Not all the votes are counted yet in the battle to label genetically modified (GM) foods in Washington state. But the initiative is trailing, 45 percent in favor to 55 percent opposed, and appears headed for defeat.
When polled, the vast majority of Americans favor requiring food companies to label genetically modified foods. Yet the public has been thwarted on this front, leaving the world’s largest democracy to stand alone among advanced (and emerging) nations in keeping consumers in the dark about GMOs. What happened to transparency and consumer choice in America? Let’s take a look.
Like so many David and Goliath fights, the battle over the safety of our staple crops was initially defined by the big chemical companies that began producing seeds. These Biotech/Chemical/Seed companies claimed that their new genetically engineered or modified (GM or GE) crops would be more productive, have higher yields, require less pesticide and enable farmers to “feed the world”…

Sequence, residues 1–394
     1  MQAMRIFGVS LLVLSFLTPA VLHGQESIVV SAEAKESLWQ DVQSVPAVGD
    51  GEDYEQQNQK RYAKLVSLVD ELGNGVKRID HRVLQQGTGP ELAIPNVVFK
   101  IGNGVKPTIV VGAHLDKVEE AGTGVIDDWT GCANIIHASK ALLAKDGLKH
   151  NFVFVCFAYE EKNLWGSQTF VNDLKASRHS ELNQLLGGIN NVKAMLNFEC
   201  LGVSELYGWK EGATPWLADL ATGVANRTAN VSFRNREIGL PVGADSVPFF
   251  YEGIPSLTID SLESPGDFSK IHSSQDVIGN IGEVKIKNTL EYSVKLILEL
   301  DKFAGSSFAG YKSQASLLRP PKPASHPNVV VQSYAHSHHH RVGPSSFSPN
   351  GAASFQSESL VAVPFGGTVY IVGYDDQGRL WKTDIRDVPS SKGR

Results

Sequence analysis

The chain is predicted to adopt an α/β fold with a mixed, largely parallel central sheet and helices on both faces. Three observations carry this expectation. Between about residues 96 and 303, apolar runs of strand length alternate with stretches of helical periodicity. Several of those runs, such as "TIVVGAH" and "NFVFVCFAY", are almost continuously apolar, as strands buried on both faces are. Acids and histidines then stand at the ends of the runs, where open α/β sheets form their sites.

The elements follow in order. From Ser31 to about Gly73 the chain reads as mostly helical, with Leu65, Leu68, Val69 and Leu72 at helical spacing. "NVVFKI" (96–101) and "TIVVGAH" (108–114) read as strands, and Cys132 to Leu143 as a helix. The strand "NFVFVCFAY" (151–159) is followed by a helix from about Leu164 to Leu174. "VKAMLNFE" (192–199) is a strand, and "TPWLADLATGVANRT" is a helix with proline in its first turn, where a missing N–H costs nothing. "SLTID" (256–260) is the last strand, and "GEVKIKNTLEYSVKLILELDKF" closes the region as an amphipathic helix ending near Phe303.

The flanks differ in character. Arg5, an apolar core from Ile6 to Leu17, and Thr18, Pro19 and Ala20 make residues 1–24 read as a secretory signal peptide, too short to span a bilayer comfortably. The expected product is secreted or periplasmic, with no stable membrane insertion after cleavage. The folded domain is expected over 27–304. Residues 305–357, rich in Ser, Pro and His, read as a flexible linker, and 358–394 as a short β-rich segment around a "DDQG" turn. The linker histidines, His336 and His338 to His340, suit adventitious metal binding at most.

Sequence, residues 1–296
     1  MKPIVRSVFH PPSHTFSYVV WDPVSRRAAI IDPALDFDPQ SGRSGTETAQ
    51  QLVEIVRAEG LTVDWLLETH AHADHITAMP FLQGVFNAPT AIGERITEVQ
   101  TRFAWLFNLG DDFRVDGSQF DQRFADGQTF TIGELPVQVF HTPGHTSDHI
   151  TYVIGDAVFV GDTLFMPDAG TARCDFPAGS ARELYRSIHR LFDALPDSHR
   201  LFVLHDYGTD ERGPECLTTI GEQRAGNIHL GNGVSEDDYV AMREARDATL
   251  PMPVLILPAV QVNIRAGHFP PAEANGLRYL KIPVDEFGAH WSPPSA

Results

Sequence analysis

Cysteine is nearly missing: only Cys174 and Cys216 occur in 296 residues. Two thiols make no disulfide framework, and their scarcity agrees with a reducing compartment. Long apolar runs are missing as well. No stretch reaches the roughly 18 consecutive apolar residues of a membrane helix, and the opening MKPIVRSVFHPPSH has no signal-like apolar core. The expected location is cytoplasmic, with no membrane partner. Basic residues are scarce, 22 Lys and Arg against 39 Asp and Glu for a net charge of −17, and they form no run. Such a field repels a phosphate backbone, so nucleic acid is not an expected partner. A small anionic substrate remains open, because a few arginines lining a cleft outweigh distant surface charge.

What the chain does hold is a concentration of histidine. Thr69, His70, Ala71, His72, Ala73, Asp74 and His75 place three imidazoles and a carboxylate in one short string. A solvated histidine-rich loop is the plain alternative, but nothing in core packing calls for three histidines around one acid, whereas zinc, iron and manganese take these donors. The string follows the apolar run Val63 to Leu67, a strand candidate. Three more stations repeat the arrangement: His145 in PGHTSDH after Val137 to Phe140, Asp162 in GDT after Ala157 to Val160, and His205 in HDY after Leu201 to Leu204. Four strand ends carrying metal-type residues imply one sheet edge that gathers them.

The fight to label GMO foods has arrived in Washington D.C. Sen. Barbara Boxer (D-CA) and Congressman Peter DeFazio (D-OR) introduced a bill Wednesday that would mandate labeling for foods that have been genetically engineered. If passed, the U.S. would join 64 other countries around the world that require labeling.
The GE-salmon known variously as the AquAdvantage salmon and a “frankenfish” has been swimming toward approval, but is currently bogged in a heated public comment period. Learn more about the tug-and-pull over what would be the first genetically modified animal to debut on your plate.